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“Hoc-est Corpus – This is My Body” – Religious Studies Essay

“Hoc-est Corpus – This is My Body” – Religious Studies Essay
Ever wonder where the phrase “hocus pocus” came from? It is corrupted from the Latin, hoc-est corpus, meaning: “This is my body.” Throughout history transubstantiationalist beliefs abound, mostly in

archaic cultures. Plants and animals involved in sacraments and rituals were believed to literally transform into the flesh of the gods. Cultures and religions all over the world have used entheogens (term to describe plants and chemicals that have religious import) in their spiritual practices, incorporating religious, medicinal, and psychotherapeutic dimensions, transcendence to communicate with the gods. From 1,000 to 500 B.C.E., in Central and South America, psilocybin was given the name “Temamacatlth” which means “God’s flesh”.

Ayahuasca or DMT, called “vine of the soul,” is still used in these religious ceremonies spanning 70 different peoples also in Central and South America. Chemists have been baffled for years by the extensive knowledge of these indigenous people, and the plants they use for healing and spiritual purposes. The tribes claim that their knowledge came from the plants themselves, which they are able to communicate with while being intoxicated.

Peyote, in North America, is viewed not as a plant, but as a god by the Huichol Indians of Mexico and is used as a spiritual medicine, a plant sacrament, and plant teacher, but is considered an entire way of life. According to Ralph Metzner, a professor of psychology at the California Institute of Integral Studies, “the use of hallucinogens as an adjunct to yogic practices is known to this day in India, among certain Shaivite sects in particular (Hallucinogens: A Reader p. 23).” Marijuana has been called “weed of wisdom” and “angel’s food,” and is mentioned in the Bible several times. For example, in Exodus 30:23, God commands Moses to make a holy anointing oil of myrrh, sweet cinnamon, kassia and kaneh bosm. Kaneh bosm in Hebrew, literally means, kannabos or kannabus. Sometimes it is mistranslated into “calamus”. The root ‘kan’ means “reed” or “hemp”, and ‘bosm’ means aromatic. Other examples are found in Song of Solomon 4:14, Isaiah 43:24, Jeremiah 6:20, and Ezekiel 27:19. In the Jewish sect of Essene, every prophet had to go through an initiation, which consisted of a sacred meal where God was identified as being part of the consumed.

Taoists refer to psilocybin as the “divine mushroom of immortality.” Gordon Wasson postulates in his book Soma: Divine Mushroom of Immortality, that “soma” in Vedic literature, a red fruit leading to spontaneous but impermanent enlightenment to those who ingest it, is actually the Fly Agaric, Amanita Muscaria Mushroom. It is thought by some that Aristotle, Plato and Sophocles all participated in ceremonies at a temple in Eluesis which honored Demeter, the earth goddess, in which a fungal concoction was served that some, including Albert Hoffmann, Carl Ruck and Gordon Wasson speculate, is an LSD-like, ergot-derived beverage.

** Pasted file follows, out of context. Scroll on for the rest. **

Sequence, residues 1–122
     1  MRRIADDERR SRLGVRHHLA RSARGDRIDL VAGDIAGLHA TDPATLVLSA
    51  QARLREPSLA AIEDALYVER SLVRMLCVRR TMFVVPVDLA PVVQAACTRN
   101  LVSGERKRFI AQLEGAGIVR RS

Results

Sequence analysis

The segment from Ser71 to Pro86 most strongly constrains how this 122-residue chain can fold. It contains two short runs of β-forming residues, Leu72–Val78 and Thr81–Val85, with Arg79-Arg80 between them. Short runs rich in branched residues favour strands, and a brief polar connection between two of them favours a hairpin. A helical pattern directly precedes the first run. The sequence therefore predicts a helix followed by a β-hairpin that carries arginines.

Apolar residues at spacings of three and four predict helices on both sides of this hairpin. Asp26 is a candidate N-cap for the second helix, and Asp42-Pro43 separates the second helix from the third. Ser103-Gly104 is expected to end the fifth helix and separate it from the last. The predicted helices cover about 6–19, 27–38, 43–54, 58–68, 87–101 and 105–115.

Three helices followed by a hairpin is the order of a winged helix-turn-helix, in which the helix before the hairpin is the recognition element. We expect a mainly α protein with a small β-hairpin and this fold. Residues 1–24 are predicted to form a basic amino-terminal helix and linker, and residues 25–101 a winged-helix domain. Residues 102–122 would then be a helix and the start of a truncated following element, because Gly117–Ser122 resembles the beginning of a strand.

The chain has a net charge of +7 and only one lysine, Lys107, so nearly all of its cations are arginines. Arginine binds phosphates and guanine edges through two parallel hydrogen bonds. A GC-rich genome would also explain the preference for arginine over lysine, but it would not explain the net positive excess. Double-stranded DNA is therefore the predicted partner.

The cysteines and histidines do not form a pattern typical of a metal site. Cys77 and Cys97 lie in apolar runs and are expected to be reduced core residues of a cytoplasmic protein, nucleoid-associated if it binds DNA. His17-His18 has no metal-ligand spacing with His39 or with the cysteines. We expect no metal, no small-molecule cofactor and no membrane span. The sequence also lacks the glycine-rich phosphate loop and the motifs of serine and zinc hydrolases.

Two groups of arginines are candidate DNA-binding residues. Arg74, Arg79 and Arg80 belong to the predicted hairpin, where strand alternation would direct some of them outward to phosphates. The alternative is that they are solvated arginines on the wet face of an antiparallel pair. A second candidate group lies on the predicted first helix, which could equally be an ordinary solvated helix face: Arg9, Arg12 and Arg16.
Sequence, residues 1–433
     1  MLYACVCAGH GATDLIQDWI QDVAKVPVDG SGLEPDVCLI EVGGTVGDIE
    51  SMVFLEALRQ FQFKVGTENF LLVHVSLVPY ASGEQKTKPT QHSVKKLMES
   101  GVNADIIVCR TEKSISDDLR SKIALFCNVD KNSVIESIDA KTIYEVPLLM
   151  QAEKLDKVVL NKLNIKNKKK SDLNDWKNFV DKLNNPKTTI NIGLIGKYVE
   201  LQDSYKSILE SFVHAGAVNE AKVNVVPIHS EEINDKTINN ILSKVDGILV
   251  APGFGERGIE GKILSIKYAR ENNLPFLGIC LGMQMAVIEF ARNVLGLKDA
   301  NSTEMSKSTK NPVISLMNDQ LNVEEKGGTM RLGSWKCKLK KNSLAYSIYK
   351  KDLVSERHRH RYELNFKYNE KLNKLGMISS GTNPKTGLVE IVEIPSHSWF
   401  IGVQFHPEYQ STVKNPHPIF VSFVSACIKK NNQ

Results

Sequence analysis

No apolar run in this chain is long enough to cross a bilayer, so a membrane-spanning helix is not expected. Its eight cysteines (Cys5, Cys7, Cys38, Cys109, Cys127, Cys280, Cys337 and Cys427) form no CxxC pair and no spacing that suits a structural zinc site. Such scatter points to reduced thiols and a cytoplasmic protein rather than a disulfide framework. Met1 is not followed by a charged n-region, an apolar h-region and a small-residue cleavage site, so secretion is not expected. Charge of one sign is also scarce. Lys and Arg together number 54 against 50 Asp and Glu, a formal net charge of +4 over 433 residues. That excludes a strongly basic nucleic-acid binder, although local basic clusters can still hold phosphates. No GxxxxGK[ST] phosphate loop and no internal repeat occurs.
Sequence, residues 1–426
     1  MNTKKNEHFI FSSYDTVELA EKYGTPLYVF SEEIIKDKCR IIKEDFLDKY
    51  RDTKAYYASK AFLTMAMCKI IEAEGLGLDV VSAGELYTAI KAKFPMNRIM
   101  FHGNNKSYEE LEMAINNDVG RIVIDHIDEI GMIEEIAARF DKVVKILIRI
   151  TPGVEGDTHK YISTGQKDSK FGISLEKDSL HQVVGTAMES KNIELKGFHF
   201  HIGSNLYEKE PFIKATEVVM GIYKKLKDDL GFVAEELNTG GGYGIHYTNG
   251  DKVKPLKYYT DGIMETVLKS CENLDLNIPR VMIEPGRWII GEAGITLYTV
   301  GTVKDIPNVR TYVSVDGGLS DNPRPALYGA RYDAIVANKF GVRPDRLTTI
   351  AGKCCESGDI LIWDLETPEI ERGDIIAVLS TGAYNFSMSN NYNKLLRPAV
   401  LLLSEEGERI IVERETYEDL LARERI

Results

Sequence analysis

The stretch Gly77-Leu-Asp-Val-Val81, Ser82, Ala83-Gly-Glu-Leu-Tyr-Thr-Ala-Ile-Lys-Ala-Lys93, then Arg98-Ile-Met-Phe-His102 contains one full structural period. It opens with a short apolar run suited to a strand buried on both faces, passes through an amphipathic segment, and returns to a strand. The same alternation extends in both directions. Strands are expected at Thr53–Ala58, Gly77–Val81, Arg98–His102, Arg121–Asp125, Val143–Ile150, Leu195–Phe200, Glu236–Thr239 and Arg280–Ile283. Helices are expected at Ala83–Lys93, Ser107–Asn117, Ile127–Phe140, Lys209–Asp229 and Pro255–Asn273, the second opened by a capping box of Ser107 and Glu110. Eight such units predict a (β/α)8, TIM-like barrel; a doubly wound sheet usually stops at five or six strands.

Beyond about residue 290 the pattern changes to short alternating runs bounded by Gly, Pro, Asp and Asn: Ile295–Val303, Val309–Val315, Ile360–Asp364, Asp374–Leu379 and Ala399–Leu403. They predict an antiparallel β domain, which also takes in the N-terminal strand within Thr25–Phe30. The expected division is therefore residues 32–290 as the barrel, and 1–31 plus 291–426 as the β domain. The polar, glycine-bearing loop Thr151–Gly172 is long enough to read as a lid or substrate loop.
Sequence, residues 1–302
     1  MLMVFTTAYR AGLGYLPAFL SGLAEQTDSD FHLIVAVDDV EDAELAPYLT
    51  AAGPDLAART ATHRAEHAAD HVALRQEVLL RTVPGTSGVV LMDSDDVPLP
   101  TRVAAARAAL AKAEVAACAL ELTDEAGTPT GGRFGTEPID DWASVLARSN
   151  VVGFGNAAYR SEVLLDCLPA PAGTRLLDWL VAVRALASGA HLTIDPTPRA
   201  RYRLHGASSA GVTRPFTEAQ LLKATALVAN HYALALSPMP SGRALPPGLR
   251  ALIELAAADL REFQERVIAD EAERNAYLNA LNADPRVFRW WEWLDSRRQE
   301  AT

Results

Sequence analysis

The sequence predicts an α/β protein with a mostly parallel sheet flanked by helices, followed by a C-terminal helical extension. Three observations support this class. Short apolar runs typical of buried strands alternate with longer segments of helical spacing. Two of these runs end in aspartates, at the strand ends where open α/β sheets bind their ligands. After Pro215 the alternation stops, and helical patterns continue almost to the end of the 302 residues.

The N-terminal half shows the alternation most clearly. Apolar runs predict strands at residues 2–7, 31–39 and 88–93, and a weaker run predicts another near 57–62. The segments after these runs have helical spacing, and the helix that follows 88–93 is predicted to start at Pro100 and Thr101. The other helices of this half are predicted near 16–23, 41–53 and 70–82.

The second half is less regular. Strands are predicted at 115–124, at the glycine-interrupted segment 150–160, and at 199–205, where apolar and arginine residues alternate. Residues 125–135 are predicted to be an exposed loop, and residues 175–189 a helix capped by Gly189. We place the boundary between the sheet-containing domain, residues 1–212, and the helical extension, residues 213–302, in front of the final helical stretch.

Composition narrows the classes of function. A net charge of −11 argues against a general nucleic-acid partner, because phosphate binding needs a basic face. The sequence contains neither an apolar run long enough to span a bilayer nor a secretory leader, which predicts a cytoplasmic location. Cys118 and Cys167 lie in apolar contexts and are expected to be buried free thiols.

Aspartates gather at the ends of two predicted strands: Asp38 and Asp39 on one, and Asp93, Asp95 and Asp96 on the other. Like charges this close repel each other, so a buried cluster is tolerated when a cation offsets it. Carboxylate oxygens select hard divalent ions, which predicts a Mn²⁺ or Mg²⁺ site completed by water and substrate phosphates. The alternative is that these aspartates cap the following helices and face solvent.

Let me provide just a spectrum of different religious uses people would use these substances for: opening of extrasensory channels of perception such as telepathy, clairvoyance, and astral projection, loss of the fear of death, profound personal transformation and rejuvenation, communion with natural forces, animals and plant life, rites of passage with themes of birth, sex and death, reclaiming ancestral heritage, connection with a totem animal, direct communication or even possession by deities or demons and other archetypal beings, healing mediated by spirit guides or animal helpers, and quite often used in combination with other spiritual practices such as yoga, meditation and prayer.

Throughout human experience, entheogens have had a role in religious institutions. I will argue that in a country where religious freedom is granted, the use of these substances should be recognized for their religious value, and be protected under civil liberties. Furthermore, to deny this right is not only a contradiction of the constitution but an act of oppression and discrimination against the God-given right to control destinies as well as religious evolution.
Not until the 16th century did political systems formally forbid these substances. Punishment for ingestion was often death. “Witches” persecuted during the inquisitions were accused of using hallucinogenic plants, specifically those of the nightshade family such as mandrake. For this many were tortured, murdered and burned. “The mandrake is the ‘Tree of Knowledge” and the burning love ignited by its pleasure is the origin of the human race (Hugo Rahner Greek Myths in Christian Meaning, 1957).” They also used the stereotypical amphibians in their witches’ brews, whose secretions are hallucinogenic much like the Colorado River Toad which secretes considerable amounts of DMT-like compounds. This attitude has been carried over into our current attitudes and laws regarding these substances.